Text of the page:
The Translated Mark at Whitespace, on view through March 25, coincides with the SGC International Atlanta Print Conference in Atlanta. The five featured artists refer to printmaking processes in their work — some adhering to traditional methods, others straying from conventional techniques. A printmaker’s love of line, pattern and grayscale ties the disparate artists to one another.
In terms of process, Joe Tsambiras is the most orthodox of the five artists. His otherworldly imagery is elegant and strange. A series of white-on-black etched cards allude to the earliest intaglio prints in Western history — playing cards. One set of printed cards, Forms I, exploits the spidery lines of the etching technique. Invented in Renaissance Germany, etching produces extra-fine lines difficult to obtain in earlier processes. Forms I features organic forms with architectonic and humanoid characteristics. Number 3, for example, shows a fluted column topped by a biomorphic eye of a needle and a billowing flag. Similarly, Number 18 morphs from a hoof to a horn-like mouth from which a flower inexplicably sprouts. Tsambiras synthesizes the influence of Northern Renaissance artists like Dürer and Bosch but also twentieth-century Surrealists such as Miro and Di Chirico. Yet, his style is deeply idiosyncratic, all his own. Laid out achronologically, they evoke tarot cards — yet, following a hidden system.
Also utilizing intaglio techniques, Ann Stewart’s Tethering Corollaries I is a dual image consisting of an etching and aquatint. A later refinement printmaking, aquatint can make the softest, fuzziest effects of intaglio methods. Part of the pleasure of Tethering Corollaries I is Stewart’s deft technique. One side is crisp and clean, a labyrinth of overlapping cubes; similar in composition, the other side is grainier, its dramatic chiaroscuro the unmistakable result of aquatint. Stewart translates her complex, multifaceted two-dimensional rendering into objects — sculptures made with a 3D printer.
Laser-printed wool felt shapes make up Teresa Cole’s The Phenomenology of Pattern. Though not traditionally printed, Cole’s repeated forms evoke the most essential tenet of printmaking: its reproducibility. Intricate organic shapes are arranged against a gray and black plaid background. Edges are burnt charred, bearing the mark of the laser that cut them. Pattern is the core of Cole’s Infusion, an installation of dyed relief printed washi, a traditional paper made in Japan, with bamboo. The paper is made of various natural materials, commonly mulberry bark, according to Cole. Her prints are presented in rolled form, projecting outward from the wall with a sculptural presence.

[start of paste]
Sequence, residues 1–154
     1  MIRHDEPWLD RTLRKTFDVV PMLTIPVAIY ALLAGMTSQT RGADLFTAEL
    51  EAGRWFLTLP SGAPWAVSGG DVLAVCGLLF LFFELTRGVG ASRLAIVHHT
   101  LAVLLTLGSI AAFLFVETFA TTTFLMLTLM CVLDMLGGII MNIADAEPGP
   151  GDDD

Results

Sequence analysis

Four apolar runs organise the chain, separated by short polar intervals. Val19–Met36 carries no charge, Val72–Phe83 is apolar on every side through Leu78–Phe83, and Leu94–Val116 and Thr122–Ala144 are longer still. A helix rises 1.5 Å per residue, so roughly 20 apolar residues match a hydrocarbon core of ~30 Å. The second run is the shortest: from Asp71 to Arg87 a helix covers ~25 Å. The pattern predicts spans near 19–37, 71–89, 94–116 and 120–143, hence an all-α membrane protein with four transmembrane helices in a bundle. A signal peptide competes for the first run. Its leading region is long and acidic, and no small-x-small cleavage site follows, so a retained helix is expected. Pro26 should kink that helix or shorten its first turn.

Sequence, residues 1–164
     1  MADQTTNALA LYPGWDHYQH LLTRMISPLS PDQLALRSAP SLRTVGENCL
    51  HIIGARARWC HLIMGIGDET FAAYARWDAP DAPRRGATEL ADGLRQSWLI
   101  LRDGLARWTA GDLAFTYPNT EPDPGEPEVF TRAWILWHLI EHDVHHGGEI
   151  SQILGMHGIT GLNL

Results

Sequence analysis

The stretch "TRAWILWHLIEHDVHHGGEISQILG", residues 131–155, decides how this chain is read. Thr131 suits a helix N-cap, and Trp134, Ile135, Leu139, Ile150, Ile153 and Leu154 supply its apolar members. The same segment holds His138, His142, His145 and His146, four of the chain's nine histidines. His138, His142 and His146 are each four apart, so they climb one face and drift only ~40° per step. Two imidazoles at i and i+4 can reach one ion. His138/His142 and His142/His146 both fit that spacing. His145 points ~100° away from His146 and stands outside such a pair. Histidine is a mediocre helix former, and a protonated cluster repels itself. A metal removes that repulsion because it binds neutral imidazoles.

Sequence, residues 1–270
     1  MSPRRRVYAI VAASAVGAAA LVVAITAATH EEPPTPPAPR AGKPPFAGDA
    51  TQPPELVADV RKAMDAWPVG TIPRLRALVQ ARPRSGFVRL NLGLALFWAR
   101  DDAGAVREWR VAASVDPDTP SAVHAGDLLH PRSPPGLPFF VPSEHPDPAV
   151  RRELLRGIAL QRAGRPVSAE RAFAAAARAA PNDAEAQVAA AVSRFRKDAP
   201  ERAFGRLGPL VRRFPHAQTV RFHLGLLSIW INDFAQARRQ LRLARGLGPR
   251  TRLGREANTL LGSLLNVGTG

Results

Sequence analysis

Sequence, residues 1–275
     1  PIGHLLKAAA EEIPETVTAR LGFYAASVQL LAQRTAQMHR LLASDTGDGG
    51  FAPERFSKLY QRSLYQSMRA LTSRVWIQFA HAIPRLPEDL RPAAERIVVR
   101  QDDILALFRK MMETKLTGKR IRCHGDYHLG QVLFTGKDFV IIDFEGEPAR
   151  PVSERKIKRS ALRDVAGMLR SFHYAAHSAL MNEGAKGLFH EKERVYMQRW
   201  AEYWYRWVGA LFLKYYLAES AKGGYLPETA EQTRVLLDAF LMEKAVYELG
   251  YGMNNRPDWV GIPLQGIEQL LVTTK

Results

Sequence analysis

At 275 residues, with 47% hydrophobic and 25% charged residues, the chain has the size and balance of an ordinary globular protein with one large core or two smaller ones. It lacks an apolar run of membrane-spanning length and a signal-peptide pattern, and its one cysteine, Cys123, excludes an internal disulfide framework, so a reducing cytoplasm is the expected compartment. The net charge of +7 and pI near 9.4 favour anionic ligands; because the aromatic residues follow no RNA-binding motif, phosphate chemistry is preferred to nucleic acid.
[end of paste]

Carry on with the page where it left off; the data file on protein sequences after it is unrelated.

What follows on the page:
Cassidy Russell’s works, such as Weaving a Dress from a Monarch’s Cocoon, evoke printmaking’s longstanding relationship to words (even prior to Gutenberg, woodcut was an effective way to reproduce and disseminate text). Vertical strips of gray and white stained paper are tacked together. Some strips are stitched, the patterns recognizable as the looping flourish of handwriting. Cut apart and reconfigured — much like a thread on a loom — the text becomes pattern, illegible and gestural script.
Craig Dongoski’s H E M I S P H E R E S strays furthest from conventions of printmaking, its title and imagery suggesting topography. Obsessive and linear, its lines range from densely accumulated cross-hatching to cross contours. Occasionally, Dongoski uses a circle-and-dash pattern. Throughout his work Dongoski seems on the verge of communication. Zigzagging contours seem like cartographic renderings of mountain ranges; irregular negative spaces look like craters and lakes seen from above; circles and dashes read as jumbled zeroes and ones of binary code. His impressive installation pushes against the bounds of printmaking. Repetition is the core of both printmaking and his drawings — each is a variation of a formula — but for me, part of the appeal of his drawings is their cryptic singularity.
In conjunction with a reception on March 17, Dongoski will integrate sound and drawing in a performance. Inspired by a line from Rainer Maria Rilke’s essay, Urgeräusch, (“what outcome would occur if the phonograph needle were allowed to traverse the sutures of the skull?”), the artist will collaborate with musicians to create Apocalypse N O O S P H E R E.
Three underlying themes emerge from the exhibition: repetition, technical innovation and communication. First, reproducibility is a basic formal requirement of printmaking. Cole questions the requirements of reproduction in her laser-printed forms. Dongoski skirts this in H E M I S P H E R E S, but nevertheless employs repetition of a visual formula. Second, the application of new technology to older methods appears most notably in Stewart’s use of a 3D printer and Cole’s application of a laser printer. Printmaking sometimes seems like the elderly, out-of-touch parent of graphic design and digital media. This exhibition reminds printmaking was born out of — and remains connected to — innovation. Finally, and most complexly, the exhibition deals with the notion of communication. It is treated as an aesthetic system divorced of its most basic requirements of clarity and efficiency: Russell’s stitchery looks like calligraphy, Stewart and Dongoski’s renderings look like atlases but don’t map anything, and Tsambiras’ cards follow an unseen system, both portentous and indecipherable. Perhaps this is the crux of The Translated Mark: the problem of translating the ineffable into visual form is one of art’s ongoing and most compelling challenges.